Energy mix in transition
There are many signs that the energy industry is on the brink of profound change: from 2035 onwards the world will need less energy owing to rapid energy efficiency gains, and primary energy supply could well peak in 2032. The world’s energy system will decarbonise, with the 2050 primary energy mix split equally between fossil and non-fossil sources, according to DNV GL’s annual Energy Transition Outlook that helps analysts and decision makers in organisations involved directly or indirectly in the energy supply chain to develop their future strategic options.
The decarbonisation of the energy mix will be reflected in investment trends with money spent on renewables set to triple by 2050. Conversely, fossil fuel spending will drop by around a third. Overall, the rate of energy expenditure will slow to such a degree that by mid-century, as a percentage of GDP, the world will be spending 44 per cent less than today.
In this year’s annual Outlook DNV GL also spelt out the premise behind the notion of ’learning curves’ in that the cost of a technology decreases by a constant fraction with every doubling of installed capacity, owing to greater experience, expertise, and industrial efficiencies associated with market deployment and ongoing research and development.
“Wind and solar photovoltaics (PV) have shown significant cost reductions and market growth in the last two decades. For wind, the historical cost learning rate is 18 per cent per doubling, and we expect this to decline slightly to 16 per cent in our forecast period,” the report read.
“For PV, the learning rate is historically 18 per cent and we expect this to continue and to drive down the cost of new installations, accepting that as installed capacity mushrooms, the rate of doubling as a function of time will slow along with cost reductions.”
Notably, for systems dominated by variable renewables, which will be the case for several regions after 2040, storage capacity will be crucial, and DNV GL accounts for this in the forecast by adding storage costs to the renewables’ installations as they begin to dominate, which happens towards 2050 in several regions.
Interestingly, the learning curve for battery energy storage is expected to at least match those for wind and solar; and is set to 17 per cent in the model. Consequently there will be vehicle price/performance parity between internal combustion engine vehicles and battery electric vehicles by 2024.
Turning to the energy mix, oil demand will peak in the 2020s and natural gas will take over as the biggest energy source in 2026 and existing fields will deplete at a faster rate than the decrease in oil demand, however new oil fields will be required through to 2040.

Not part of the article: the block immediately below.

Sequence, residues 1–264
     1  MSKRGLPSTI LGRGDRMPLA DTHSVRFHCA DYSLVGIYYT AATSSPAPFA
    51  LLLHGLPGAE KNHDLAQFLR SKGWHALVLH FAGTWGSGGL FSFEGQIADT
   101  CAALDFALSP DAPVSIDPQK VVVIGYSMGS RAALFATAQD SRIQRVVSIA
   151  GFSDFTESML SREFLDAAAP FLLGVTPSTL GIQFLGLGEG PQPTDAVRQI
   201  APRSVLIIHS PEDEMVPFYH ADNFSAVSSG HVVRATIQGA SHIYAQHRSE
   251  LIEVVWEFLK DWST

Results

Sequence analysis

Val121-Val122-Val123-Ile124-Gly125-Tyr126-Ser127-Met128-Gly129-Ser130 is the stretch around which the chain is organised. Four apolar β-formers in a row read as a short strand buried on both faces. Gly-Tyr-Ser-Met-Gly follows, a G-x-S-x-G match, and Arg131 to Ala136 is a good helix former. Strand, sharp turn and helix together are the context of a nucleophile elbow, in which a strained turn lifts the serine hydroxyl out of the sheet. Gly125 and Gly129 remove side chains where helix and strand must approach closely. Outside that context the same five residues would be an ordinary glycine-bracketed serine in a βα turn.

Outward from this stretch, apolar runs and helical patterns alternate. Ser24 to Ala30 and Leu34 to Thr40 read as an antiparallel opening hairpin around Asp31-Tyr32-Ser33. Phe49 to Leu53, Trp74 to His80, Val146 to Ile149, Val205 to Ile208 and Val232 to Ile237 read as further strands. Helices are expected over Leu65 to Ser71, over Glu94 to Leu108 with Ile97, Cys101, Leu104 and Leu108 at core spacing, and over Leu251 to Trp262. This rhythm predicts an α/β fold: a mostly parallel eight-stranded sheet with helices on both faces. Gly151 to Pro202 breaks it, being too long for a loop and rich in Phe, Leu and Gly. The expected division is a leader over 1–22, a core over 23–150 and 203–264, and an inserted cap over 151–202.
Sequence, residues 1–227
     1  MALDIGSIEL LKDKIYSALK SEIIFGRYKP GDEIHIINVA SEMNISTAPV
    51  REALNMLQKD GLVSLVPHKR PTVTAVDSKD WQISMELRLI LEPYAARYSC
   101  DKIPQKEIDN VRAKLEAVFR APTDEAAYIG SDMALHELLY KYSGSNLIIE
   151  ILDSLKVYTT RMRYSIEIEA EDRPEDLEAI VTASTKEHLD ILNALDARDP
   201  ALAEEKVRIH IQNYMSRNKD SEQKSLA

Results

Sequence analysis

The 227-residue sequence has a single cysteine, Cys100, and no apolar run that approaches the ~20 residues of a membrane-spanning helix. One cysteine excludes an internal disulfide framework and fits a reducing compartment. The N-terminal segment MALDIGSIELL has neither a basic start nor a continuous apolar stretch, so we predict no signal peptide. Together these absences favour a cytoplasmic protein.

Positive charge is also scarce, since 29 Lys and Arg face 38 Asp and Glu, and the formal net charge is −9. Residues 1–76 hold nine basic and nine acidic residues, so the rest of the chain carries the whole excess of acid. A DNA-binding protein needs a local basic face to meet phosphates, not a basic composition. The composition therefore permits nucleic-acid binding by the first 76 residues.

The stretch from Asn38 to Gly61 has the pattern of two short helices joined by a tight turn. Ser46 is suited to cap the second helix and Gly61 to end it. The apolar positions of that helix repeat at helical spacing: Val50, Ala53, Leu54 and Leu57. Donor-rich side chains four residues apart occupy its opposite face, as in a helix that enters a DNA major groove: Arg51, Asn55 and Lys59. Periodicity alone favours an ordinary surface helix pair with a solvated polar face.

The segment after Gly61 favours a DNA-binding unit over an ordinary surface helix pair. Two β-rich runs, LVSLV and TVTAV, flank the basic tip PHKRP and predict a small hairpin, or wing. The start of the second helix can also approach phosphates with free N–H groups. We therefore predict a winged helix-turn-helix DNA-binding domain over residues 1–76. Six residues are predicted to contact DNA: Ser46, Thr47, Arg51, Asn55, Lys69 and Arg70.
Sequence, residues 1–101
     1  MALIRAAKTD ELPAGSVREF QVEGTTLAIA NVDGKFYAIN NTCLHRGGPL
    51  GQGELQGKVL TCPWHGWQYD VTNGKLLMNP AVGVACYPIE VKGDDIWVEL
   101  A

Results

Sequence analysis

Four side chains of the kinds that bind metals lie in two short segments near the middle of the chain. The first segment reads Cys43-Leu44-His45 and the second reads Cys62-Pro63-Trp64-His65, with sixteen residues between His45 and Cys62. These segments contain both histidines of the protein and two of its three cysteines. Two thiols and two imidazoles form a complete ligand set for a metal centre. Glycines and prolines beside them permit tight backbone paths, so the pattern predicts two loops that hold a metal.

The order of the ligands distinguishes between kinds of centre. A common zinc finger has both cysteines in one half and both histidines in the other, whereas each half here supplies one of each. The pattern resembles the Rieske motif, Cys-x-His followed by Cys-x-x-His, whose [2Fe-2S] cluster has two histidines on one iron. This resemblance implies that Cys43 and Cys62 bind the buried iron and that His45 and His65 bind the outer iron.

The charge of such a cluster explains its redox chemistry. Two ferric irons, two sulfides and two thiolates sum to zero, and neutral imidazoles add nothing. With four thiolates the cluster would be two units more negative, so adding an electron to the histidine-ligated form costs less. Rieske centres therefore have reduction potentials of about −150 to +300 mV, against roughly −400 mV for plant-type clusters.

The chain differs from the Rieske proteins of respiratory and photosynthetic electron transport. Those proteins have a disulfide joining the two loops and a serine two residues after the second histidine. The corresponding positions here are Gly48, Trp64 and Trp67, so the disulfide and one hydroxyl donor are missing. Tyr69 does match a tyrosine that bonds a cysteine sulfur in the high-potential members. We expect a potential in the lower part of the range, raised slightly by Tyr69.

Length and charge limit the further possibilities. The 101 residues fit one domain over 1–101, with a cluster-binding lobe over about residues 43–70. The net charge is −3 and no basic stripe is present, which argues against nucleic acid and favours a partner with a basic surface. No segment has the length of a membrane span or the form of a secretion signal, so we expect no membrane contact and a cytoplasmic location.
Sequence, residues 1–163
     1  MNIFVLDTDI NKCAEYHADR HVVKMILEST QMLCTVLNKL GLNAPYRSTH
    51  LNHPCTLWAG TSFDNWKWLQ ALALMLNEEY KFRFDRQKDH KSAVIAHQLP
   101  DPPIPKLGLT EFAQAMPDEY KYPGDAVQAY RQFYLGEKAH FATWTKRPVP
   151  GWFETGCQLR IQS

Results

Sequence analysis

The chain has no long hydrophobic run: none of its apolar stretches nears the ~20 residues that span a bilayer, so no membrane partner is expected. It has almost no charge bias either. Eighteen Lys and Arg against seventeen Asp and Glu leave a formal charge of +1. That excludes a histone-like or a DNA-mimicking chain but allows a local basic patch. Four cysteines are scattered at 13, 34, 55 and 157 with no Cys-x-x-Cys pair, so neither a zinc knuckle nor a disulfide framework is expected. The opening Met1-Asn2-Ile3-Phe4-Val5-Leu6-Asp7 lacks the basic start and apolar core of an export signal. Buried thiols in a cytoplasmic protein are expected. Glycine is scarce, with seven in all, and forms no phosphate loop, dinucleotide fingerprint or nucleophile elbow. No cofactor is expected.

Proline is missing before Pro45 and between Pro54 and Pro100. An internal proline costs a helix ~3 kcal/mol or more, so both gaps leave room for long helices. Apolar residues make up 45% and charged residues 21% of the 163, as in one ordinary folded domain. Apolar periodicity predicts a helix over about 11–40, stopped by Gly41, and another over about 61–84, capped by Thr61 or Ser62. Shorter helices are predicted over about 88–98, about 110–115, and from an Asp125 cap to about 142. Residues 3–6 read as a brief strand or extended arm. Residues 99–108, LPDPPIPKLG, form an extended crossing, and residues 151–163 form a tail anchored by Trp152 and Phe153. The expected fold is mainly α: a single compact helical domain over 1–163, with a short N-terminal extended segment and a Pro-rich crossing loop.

Electricity consumption will more than double by mid-century to meet 45 per cent of world energy demand, and solar PV and wind energy will supply more than two thirds of that electricity, as seen in the figure below.
The rapid transition that is forecast, however, will not be sufficient to achieve the less than 2°C climate goal and the affordable nature of the energy transition means there is capital available for “extraordinary measures to further reduce carbon emissions … [however] there is no silver bullet and energy efficiency, renewables and carbon capture and storage (CCS) must all be ramped up to combat climate change”.
Globally, policy developments, despite some notable exceptions, continue to favour renewables technology. Last year, new renewable power capacity additions were more than double the new power capacity additions from fossil fuels. In capital markets, a reallocation of funds towards cleaner technology is underway.
“The transition is undeniable. Last year, more gigawatts of renewable energy were added than those from fossil fuels and this is reflected in where lenders are putting their money,” said Remi Eriksen, Group President and CEO of DNV GL.
“The attention of boardrooms and cabinets should be fixed on the dramatic energy transition that is unfolding. As money and policy increasingly favour gas and renewables, the rapidly electrifying energy system will deliver efficiency gains that outpace GDP and population growth. This will result in a world needing less energy within half a generation from now.
“We need to capitalize on the affordability of the energy transition and take extraordinary measures to create a sustainable future. We have a window of opportunity to increase energy efficiency, renewable energy and carbon capture and storage to meet the Paris Agreement but we must act now,” said Eriksen.
The report makes for fascinating reading – issues around carbon pricing schemes, incentives for EV infrastructure, and for wind and solar, road transport energy use, maritime, aviation building and manufacturing sectors feature.
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